fees because they violated the release provision cited above
and breached the Omnibus Agreement when they originally
brought this suit against him. Id. at 15-17.
January 18, 2019, both sides filed crossmotions for summary
judgment on Cory's breach of contract claim. Cory filed
his motion for summary judgment (Doc. 218), in which he
asserts O'Connor and Stewart are bound by the Omnibus
Agreement as a matter of law. O'Connor and Stewart filed
their motion for summary judgment on the same issue, in which
they argue that Cory has failed to create a genuine issue of
material fact on his theories of liability. Both motions have
been fully briefed, and the Court now considers whether
O'Connor and Stewart can be bound by this agreement.
judgment is appropriate “if the movant shows that there
is no genuine dispute as to any material fact and the movant
is entitled to judgment as a matter of law.”
Fed.R.Civ.P. 56(a). A dispute “is ‘genuine'
if the evidence is sufficient for a reasonable jury to return
a verdict for the non-moving party.” Burrell v. Dr.
Pepper/Seven Up Bottling Grp., 482 F.3d 408, 411 (5th
Cir. 2007). And a fact “is ‘material' if its
resolution could affect the outcome of the action.”
summary-judgment movant bears the burden of proving that no
genuine issue of material fact exists. Latimer v.
Smithkline & French Labs., 919 F.2d 301, 303 (5th
Cir. 1990). Usually, this requires the movant to identify
“those portions of the pleadings, depositions, answers
to interrogatories, and admissions on file, together with
affidavits, if any, which it believes demonstrate the absence
of a genuine issue of material fact.” Celotex Corp.
v. Catrett, 477 U.S. 317, 323 (1986) (internal quotation
marks omitted). But if the non-movant ultimately bears the
burden of proof at trial, the movant may satisfy its burden
just by pointing to the absence of evidence supporting the
non-movant's case. Id. at 322-23.
movant meets that burden, then it falls to the non-movant to
“show with significant probative evidence that there
exists a genuine issue of material fact.” Hamilton
v. Segue Software Inc., 232 F.3d 473, 477 (5th Cir.
2000) (internal quotation marks omitted) (citing Conkling
v. Turner, 18 F.3d 1285, 1295 (5th Cir. 1994)). And
significant probative evidence is just that: significant.
See Little v. Liquid Air Corp., 37 F.3d 1069, 1075
(5th Cir. 1994) (per curiam). “[M]etaphysical doubt as
to material facts, ” “conclusory allegations,
” “unsubstantiated assertions, ” or a mere
“scintilla of evidence” will not do.
Id.(internal citations and quotation marks omitted).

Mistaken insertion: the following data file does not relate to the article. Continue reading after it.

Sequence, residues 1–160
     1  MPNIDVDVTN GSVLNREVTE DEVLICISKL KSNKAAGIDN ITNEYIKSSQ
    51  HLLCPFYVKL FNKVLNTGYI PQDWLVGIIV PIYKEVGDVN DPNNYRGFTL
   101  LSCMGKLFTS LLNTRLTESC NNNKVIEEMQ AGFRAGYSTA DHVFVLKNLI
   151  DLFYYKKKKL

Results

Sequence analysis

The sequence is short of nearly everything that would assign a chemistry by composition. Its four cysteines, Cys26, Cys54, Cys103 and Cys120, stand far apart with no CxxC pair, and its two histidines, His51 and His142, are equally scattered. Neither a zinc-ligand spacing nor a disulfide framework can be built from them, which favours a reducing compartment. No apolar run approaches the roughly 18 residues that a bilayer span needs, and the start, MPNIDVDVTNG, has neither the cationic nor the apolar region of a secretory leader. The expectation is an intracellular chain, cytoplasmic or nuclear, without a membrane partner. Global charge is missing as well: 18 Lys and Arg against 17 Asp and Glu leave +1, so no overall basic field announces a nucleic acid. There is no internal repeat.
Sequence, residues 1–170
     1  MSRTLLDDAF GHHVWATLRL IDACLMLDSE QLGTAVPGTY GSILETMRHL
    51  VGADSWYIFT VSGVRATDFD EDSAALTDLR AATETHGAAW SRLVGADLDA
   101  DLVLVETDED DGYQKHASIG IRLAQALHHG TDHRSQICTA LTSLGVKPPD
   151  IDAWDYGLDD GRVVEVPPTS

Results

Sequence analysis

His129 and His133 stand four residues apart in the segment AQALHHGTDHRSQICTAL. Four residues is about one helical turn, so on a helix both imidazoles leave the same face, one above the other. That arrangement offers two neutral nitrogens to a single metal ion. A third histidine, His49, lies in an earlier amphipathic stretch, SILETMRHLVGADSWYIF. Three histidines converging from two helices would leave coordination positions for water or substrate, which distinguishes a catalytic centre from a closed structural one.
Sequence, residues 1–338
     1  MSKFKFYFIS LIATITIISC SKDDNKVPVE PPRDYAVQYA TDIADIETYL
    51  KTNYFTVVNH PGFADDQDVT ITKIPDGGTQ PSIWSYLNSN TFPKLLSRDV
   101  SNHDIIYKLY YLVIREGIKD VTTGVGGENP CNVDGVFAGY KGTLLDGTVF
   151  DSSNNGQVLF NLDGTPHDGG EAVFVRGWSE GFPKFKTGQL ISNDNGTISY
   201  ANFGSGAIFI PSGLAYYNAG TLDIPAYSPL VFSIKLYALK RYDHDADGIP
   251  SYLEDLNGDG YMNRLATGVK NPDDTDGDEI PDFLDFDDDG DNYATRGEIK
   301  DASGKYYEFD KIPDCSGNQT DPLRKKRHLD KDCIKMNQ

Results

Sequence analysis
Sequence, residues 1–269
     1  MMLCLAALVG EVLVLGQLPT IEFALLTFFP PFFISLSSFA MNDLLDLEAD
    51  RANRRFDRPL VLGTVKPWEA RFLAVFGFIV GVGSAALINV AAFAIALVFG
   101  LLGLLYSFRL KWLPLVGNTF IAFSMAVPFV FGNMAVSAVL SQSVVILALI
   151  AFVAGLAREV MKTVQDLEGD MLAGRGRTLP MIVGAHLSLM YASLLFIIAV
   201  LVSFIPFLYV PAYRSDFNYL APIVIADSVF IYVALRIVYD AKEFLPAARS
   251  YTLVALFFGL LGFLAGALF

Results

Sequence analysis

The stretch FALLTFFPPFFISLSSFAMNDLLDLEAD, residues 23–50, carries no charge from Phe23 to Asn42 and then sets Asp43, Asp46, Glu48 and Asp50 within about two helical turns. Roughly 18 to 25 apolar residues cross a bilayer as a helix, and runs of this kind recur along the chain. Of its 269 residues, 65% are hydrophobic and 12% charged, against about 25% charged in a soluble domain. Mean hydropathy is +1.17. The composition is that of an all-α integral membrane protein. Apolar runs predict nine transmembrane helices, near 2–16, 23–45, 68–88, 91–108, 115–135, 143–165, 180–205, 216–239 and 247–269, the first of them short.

Rather, “the non-movant must go beyond the pleadings
and present specific facts indicating a genuine issue for
trial.” Bluebonnet Hotel Ventures, L.L.C. v. Wells
Fargo Bank, N.A., 754 F.3d 272, 276 (5th Cir. 2014)
(citing Celotex, 477 U.S. at 324).
sure, the court views evidence in the light most favorable to
the non-movant when determining whether a genuine issue
exists. Munoz v. Orr, 200 F.3d 291, 302 (5th Cir.
2000). The presence of crossmotions does not change this
approach: The court will “review each party's
motion independently, viewing the evidence and inferences in
the light most favorable to the nonmoving party.”
Ford Motor Co. v. Tex. Dep't of Transp., 264
F.3d 493, 498 (5th Cir. 2001). But it need not “sift
through the record in search of evidence to support a
party's opposition to summary judgment.” Ragas
v. Tenn. Gas Pipeline Co., 136 F.3d 455, 458 (5th Cir.
1998) (quoting Skotak v. Tenneco Resins, Inc., 953
F.2d 909, 915-16 & n.7 (5th Cir. 1992)). Simply put, the
non-movant must “identify specific evidence in the
record” and “articulate the precise manner in
which that evidence supports [its] claim.” Id.
If it cannot, then the court must grant summary judgment.
Little, 37 F.3d at 1076.
Court must decide if O'Connor and Stewart-nonsignatories
to the Omnibus Agreement-can nonetheless be bound by it and
held liable for breaching it. The Court asked the parties to
address which principles of law would support such liability.
Doc. 213, Status Report Order. Cory argues that O'Connor
and Stewart can be held liable under (1) agency law or (2) a
ratification/adoption theory. Doc. 219, Cory's Br. Summ.
J., 1. The Court addresses each theory in turn.
issue under this theory is whether Greg Furst, as an agent of
O'Connor and Stewart, had their authority to bind them to
the Omnibus Agreement. Under Texas law,  “[a]n agent
cannot bind a principal absent either actual or apparent
authority.” Sanders v. Total Heat & Air,
Inc., 248 S.W.3d 907, 913 (Tex. App.-Dallas 2008, no
pet.). “Texas law does not presume agency, and the
party who alleges it has the burden of proving it.”
IRA Res., Inc. v. Griego, 221 S.W.3d 592, 597 (Tex.
2007). “An agent's authority to act on behalf of a
principal depends on some communication by the principal
either to the agent (actual or express authority) or to the
third party (apparent or implied authority).”
Gaines v. Kelly, 235 S.W.3d 179, 182 (Tex. 2007).
Court will first determine whether the summary-judgment
evidence supports a finding of actual authority and then
whether the ...